Riot City: the story of the recent disturbances in London. Okay, not really - it’s a 1991 side-scrolling arcade fighter by Sega/Westone. Prepare of an unrivalled display of electronic mediocrity!

I think it's fair to say that you can get a good idea of how influential a videogame was by how often it was simply copied wholesale. Identikit clones of Pac-Man must number in the thousands, Super Mario Kart is responsible of a legion of mascot racers... and then there's Final Fight. It wasn't the first belt-scrolling brawler, nor was it particularly packed with innovation, but its perfectly-pitched gameplay and vibrant world saw it become the archetypal game of its genre. Then the clones came along, some with improvements, some that are excellent games in their own right and some with... not so much flair. The plain ones, the stodgy ones, the ones that don't try anything new or make any attempt to break out of their mould. Riot City is one of these games. In fact, I think it may occupy the perfect balancing point of absolute mediocrity. More on that later, though. For now, let's meet out heroes.

Meet Paul and Bobby. They're cops, narcotics agents to be precise, and they're currently engaged in a war with the drug cartel MID. They're cheerful fellows, keeping a playful smile on their lips even as MID call Paul and inform him that they've kidnapped his girlfriend.

Bobby's certainly taking it well. Yes, it's a standard "rescue the kidnapped girlfriend" operation. The similarities to Final Fight are obvious right from the start - criminal gang kidnaps the main character's blonde, red-dress-wearing loved one, although at least Mad Gear went the extra mile and set up a videoconference to taunt Haggar. It's that attention to detail that keeps Final Fight at the top of the pile.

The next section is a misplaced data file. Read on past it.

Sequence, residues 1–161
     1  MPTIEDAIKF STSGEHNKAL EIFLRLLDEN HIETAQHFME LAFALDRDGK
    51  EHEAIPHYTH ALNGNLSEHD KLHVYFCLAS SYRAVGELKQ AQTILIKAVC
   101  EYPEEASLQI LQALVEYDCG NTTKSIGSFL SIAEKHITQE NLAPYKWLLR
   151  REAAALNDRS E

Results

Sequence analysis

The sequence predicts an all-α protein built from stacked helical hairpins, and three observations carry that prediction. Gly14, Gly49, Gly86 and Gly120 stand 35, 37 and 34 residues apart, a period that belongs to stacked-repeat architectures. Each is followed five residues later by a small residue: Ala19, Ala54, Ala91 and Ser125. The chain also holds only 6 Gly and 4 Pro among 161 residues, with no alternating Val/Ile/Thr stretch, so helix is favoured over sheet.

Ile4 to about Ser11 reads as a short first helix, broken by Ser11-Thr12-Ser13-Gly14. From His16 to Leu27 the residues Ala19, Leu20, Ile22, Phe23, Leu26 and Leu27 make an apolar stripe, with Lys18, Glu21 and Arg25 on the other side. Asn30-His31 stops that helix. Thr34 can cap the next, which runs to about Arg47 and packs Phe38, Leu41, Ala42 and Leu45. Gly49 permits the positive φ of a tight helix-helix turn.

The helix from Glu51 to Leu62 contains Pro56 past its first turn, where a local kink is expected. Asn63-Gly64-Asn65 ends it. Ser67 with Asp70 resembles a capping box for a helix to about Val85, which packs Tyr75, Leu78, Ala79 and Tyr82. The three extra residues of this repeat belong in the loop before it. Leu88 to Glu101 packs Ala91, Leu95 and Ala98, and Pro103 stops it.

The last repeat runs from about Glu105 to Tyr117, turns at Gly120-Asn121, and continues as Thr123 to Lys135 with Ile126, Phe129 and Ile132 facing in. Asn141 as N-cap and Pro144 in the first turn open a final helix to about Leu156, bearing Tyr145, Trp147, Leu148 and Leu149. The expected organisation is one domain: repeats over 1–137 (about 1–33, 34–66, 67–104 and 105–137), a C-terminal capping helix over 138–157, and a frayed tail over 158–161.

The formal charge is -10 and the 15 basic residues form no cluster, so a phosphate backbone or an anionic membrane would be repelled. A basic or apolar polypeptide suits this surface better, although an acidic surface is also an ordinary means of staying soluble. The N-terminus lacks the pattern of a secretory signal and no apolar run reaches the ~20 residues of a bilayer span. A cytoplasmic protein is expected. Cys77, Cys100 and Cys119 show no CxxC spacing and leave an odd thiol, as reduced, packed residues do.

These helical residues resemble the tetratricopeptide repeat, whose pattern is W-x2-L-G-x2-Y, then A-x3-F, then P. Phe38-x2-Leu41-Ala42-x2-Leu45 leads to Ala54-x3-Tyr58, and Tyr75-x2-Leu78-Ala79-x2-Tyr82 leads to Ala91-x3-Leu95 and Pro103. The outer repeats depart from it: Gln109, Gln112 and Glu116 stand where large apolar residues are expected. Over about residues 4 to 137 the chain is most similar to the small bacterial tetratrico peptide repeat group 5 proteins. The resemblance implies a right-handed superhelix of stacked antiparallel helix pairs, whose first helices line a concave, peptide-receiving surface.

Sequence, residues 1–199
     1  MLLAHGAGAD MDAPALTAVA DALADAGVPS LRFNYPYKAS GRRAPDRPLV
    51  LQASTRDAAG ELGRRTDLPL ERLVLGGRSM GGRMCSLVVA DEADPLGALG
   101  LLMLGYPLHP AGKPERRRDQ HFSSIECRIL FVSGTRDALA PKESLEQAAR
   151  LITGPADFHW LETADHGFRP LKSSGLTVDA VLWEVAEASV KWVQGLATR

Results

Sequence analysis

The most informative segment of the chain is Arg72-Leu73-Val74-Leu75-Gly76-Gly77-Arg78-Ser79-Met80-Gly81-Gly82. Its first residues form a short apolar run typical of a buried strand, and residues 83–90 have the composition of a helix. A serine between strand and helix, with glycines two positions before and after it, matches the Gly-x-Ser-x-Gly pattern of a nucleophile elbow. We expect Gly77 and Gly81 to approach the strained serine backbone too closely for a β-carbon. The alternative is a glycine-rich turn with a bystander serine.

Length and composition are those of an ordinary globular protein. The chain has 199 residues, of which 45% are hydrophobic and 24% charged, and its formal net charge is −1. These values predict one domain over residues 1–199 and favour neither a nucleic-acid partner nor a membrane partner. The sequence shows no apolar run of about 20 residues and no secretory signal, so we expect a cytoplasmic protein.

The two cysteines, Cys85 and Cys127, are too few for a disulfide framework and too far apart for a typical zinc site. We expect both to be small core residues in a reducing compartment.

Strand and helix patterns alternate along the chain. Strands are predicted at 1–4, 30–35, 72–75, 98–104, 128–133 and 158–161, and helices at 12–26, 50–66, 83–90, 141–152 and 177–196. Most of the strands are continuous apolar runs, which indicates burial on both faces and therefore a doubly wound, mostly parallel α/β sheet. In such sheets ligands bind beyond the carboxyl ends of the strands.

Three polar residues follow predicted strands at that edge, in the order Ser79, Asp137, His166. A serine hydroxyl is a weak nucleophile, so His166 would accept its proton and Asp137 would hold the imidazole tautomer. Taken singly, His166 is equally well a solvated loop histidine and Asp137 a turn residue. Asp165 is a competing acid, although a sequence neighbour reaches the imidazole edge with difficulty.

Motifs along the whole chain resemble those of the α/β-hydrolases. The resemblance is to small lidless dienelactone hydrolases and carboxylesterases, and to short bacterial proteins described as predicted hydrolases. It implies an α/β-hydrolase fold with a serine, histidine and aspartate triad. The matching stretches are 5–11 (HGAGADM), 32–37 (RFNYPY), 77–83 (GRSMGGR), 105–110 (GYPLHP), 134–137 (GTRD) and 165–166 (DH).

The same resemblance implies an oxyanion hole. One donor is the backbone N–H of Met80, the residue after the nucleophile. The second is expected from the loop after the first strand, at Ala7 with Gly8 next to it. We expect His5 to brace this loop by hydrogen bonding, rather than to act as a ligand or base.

And here we are in Riot City, which is apparently located on Riot Island. Personally, I'd prefer to be in Murderville or Dangerous-Background-Radiation Town, but you have to take what you can get.

As Riot City sticks so closely to its inspiration, I'm sure you won't be surprised that the control setup is one attack button, one jump button and pressing them both together executes a health-draining special move: in this case, Paul flails upward in a manner reminiscent of Terry Bogard's Rising Tackle. You punch all the enemies until they die, you move on a screen or two, repeat until crime is eradicated and your girlfriend is safe.
You know, the first thing I noticed about Riot City is that your punches make a strange "whuud" sound effect. This means that if you attack repeatedly, you end up producing a noise like an unbalanced washing machine on a spin cycle, which is hardly an effect likely to strike fear into your enemies.

The enemies come thick and fast, and a varied yet clichéd bunch they are. There're standard street punks, American Football players who charge at you, (a pretty decent tactic, if you're wearing all that armour), kung-fu masters with names like Chun and Huy, knife-wielding commandos and so on and so on until each beat-em-up staple is covered. Except for dominatrixes, actually - there are none in Riot City. In fact, Riot City is a female-free zone, which may be how the riots got started in the first place. It'd explain why everyone here is just so darned angry.

The first boss is a football player called Tam Tam who watches you fight his minions whilst he reclines like a goddamn Roman emperor, the smug bastard. A pointed satire on the vast wealth and pampered lives of modern sports stars? No, it's just weird. Tam Tam is just a creepy little dude who likes to watch men beat each other to death. After a while he gets tired of watching and decides to join in, but Paul has been trained in gladiatorial death-combat and so emerges victorious. Stage two, please!